Once admiring those departed in a quiet way too deep for applause, we now honor the dishonorable, equating quality with celebrity.
At college commencements, graduates hear a speech touting those who made a difference. Death is similar, teaching those who live. Taking stock, we sum up and compare. Admiring others, we define ourselves.
Recently, singer/actor Michael Jackson died at 50. A CBS-TV affiliate asked what it meant to me. “Absolutely nothing,” I replied. By contrast, it meant everything to popular culture — edgy, trendy and cosmetic inside and out — which deemed the deceased a deity. Having lost their moorings, many lost their mind.
On July 7, climaxing what one paper dubbed “an orgy of obsession,” 31.1 million watched Jackson’s nationally televised memorial service. What exactly did they mourn, save voice and vulnerability? Visibility, like Kurt Cobain? Notoriety, like Anna Nicole Smith? Empty vessels esteem lovely to hear or look at — ignoring a black hole at their core.
Service viewers mimed those covering it, tying narcissism, moral relativism, and race and gender mania. By contrast, Congressman Peter King more or less aptly termed Jackson a “pervert, pedophile, and child molester.” Having hoped to be remembered, Michael will, but not in the way he expected, or hoped. Unlike groupies, most recoil at a child dangling from a ledge.
Seals and Crofts sang, “We May Never Pass This Way Again.” Jackson’s hysteria already had in 1997’s death of Diana Spencer, 36, Princess of Wales, and a lover and a drunk chauffeur who crashed in a Paris tunnel. Her two sons, 15 and 12, had been left in England, Mom chasing her latest fling. Like Michael, frivolous and superficial, it always came back to her.
Our culture deemed Di a heroine. An earlier age used a word that rhymed with stamp, preferring to admire those who serve, not shock. Harry Truman fought Communism. Martin Luther King, Jr. convinced us to sail where no craft had gone before. Dwight Eisenhower showed Alexis de Tocqueville’s “America is great because America is good.” Each valued decency, a stoic duty, not marquee as transient as Endust on wood.
After Lincoln’s murder, thousands silently lined the funeral train. A century later, Robert Kennedy stirred respect from even enemies. In 1945, Franklin Roosevelt died of a cerebral hemorrhage. Black and white film confirms the change. Much of Washington lined Pennsylvania Avenue, hands over hearts, to view the caisson. Here and there you heard a sob. A young girl peered through a gate, sweet and pensive. A famed photo shows a woman in floral hat, dress likely from JC Penney, looking on, oozing character, regal in her plainness.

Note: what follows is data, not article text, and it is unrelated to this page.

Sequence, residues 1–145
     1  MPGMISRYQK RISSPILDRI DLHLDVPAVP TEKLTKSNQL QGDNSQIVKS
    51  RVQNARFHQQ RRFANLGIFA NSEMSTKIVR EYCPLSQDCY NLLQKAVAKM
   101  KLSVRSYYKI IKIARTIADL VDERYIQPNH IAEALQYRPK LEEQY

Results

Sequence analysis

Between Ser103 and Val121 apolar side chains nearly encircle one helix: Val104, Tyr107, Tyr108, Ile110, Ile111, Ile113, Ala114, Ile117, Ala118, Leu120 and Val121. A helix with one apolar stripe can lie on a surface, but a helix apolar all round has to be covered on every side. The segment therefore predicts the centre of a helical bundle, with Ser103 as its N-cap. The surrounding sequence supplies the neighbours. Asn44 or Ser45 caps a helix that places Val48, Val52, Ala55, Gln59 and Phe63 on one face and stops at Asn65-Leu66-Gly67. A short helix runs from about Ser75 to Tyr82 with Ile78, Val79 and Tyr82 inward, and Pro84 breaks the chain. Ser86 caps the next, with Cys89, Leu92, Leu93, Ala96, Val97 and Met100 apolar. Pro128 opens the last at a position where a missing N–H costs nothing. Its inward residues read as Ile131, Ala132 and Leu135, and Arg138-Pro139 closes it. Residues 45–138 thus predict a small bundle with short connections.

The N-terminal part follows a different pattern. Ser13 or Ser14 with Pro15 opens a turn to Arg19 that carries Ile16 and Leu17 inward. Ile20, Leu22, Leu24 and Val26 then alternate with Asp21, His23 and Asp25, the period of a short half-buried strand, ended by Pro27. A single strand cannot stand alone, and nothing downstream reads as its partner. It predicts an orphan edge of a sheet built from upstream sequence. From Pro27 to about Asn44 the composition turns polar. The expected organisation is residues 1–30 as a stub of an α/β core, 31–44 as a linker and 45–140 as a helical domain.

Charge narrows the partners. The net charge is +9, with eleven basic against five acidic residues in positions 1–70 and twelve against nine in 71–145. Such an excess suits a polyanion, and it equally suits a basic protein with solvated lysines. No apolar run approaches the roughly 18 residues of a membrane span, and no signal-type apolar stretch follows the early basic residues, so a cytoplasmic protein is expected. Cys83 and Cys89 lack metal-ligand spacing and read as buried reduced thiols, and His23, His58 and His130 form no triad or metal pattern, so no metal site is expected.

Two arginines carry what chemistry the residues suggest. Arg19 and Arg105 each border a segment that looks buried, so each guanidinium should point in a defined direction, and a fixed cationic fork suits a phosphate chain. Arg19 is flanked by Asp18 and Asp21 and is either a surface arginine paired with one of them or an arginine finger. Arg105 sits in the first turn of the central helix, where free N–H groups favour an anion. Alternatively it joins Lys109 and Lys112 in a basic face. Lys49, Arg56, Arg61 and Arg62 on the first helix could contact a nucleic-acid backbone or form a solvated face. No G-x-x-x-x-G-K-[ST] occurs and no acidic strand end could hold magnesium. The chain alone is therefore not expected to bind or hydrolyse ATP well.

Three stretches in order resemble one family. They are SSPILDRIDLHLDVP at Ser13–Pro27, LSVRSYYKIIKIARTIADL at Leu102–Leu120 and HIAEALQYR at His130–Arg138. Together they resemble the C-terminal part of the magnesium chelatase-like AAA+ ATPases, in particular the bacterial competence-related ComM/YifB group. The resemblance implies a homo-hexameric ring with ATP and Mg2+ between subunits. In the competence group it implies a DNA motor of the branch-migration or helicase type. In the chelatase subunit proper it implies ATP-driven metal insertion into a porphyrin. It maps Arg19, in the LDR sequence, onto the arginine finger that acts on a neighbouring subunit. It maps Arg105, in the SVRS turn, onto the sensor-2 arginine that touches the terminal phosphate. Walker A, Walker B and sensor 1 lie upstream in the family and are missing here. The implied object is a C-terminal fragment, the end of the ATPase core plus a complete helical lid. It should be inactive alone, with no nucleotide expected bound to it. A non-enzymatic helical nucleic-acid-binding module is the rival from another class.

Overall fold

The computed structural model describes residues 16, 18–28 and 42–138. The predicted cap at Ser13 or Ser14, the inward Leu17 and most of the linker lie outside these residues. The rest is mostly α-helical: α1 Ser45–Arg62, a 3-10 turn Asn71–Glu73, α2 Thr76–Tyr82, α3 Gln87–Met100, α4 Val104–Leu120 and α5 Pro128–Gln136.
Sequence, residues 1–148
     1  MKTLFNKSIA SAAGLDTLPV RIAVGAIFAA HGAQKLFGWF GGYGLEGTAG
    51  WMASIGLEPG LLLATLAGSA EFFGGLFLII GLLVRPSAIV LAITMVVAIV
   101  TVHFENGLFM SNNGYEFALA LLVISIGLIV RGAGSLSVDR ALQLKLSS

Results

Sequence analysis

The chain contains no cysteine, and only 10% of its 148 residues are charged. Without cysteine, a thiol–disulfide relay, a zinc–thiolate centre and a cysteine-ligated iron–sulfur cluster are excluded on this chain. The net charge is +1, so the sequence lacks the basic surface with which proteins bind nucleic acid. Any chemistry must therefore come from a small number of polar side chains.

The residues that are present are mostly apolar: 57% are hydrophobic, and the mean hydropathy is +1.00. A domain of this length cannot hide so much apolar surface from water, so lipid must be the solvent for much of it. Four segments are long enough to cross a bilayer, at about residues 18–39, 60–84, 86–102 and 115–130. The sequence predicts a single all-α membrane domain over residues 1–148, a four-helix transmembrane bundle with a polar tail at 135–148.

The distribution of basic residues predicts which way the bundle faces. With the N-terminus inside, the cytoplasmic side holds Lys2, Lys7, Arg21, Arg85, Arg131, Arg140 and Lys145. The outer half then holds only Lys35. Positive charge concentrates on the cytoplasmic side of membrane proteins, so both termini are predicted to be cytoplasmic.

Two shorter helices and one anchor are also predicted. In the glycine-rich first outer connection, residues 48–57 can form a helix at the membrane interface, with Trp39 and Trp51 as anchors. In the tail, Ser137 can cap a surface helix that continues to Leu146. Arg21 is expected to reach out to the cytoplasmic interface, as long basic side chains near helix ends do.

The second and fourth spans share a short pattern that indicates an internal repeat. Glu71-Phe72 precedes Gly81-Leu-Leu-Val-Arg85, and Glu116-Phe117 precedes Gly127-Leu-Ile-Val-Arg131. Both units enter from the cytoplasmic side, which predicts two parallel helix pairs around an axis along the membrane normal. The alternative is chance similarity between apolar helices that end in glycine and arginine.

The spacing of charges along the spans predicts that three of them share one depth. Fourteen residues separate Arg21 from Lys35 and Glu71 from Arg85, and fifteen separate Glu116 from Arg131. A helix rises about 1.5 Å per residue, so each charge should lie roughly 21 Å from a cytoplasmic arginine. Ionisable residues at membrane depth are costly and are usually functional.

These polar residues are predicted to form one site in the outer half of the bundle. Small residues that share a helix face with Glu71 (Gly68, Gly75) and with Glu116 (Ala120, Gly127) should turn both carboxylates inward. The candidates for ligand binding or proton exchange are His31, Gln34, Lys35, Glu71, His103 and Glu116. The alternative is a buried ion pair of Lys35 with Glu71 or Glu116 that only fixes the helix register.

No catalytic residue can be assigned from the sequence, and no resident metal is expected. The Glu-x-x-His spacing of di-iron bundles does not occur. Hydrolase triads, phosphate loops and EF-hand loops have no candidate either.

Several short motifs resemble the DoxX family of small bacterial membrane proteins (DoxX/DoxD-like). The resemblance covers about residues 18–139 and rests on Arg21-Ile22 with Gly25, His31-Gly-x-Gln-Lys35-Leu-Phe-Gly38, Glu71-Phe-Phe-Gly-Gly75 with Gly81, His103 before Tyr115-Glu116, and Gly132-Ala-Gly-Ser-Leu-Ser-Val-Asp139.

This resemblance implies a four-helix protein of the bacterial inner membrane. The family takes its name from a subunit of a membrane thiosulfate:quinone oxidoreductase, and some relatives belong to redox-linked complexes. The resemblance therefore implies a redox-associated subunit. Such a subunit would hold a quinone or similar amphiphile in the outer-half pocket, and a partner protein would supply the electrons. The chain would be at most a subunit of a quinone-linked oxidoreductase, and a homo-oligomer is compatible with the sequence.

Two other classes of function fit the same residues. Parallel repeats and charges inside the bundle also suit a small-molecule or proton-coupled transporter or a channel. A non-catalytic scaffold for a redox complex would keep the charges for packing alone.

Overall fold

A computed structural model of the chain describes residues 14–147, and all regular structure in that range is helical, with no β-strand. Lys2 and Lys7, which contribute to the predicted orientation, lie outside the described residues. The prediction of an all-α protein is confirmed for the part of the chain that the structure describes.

Culture prized modesty, formality, a certain diffidence: We were not all cheap exhibitionists in that still-waters-ran-deeper time. Twenty years later, Winston Churchill died, having helped FDR save the English-speaking world. In the book “Warlord,” Carlo D’Este tells of more than 300,000 people filing past the coffin in St. Paul’s Cathedral. Thousands more — teacher, laborer, soldier: like Churchill, worth admiring — lined the cortege’s route through London to Tower Hill, “where the cranes along the dockland all bowed.”
The coffin was put on a launch, sailed up the Thames to Waterloo, and put aboard a train for home. On board, “one of Churchill’s long-time aides saw a man dressed in his old Royal Air Force uniform standing on the roof of a small house, saluting;” wrote D’Este. “In a field a farmer stopped his work, doffed his cap, and bowed his head.” Decent people, living decent lives.
In half a century, culture has plunged from hailing men “who saved our lives,” quoting philosopher Isaiah Berlin, to unseemly grief for an unfit mother and alleged child abuser. History renders a verdict on each generation. Once admiring in a quiet way too deep for applause, we now honor the dishonorable, equating quality with celebrity. Our jury, as they say, is closed.
Curt Smith is the author of 13 books and former speechwriter to President George H.W. Bush. Mr. Smith writes twice monthly for GateHouse Media’s Messenger-Post Newspapers. E-mail: email@example.com.